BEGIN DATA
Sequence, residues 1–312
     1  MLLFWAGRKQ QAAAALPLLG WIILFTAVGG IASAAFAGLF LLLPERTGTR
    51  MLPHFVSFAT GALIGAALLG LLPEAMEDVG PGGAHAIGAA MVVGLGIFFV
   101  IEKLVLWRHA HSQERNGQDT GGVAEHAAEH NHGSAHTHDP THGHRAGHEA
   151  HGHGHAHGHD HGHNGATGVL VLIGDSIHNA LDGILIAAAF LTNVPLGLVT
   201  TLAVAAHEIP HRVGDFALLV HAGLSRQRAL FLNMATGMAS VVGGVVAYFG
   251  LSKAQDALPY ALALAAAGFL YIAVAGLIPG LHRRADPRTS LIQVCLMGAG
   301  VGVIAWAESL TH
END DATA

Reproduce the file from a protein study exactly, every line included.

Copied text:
Sequence, residues 1–312
     1  MLLFWAGRKQ QAAAALPLLG WIILFTAVGG IASAAFAGLF LLLPERTGTR
    51  MLPHFVSFAT GALIGAALLG LLPEAMEDVG PGGAHAIGAA MVVGLGIFFV
   101  IEKLVLWRHA HSQERNGQDT GGVAEHAAEH NHGSAHTHDP THGHRAGHEA
   151  HGHGHAHGHD HGHNGATGVL VLIGDSIHNA LDGILIAAAF LTNVPLGLVT
   201  TLAVAAHEIP HRVGDFALLV HAGLSRQRAL FLNMATGMAS VVGGVVAYFG
   251  LSKAQDALPY ALALAAAGFL YIAVAGLIPG LHRRADPRTS LIQVCLMGAG
   301  VGVIAWAESL TH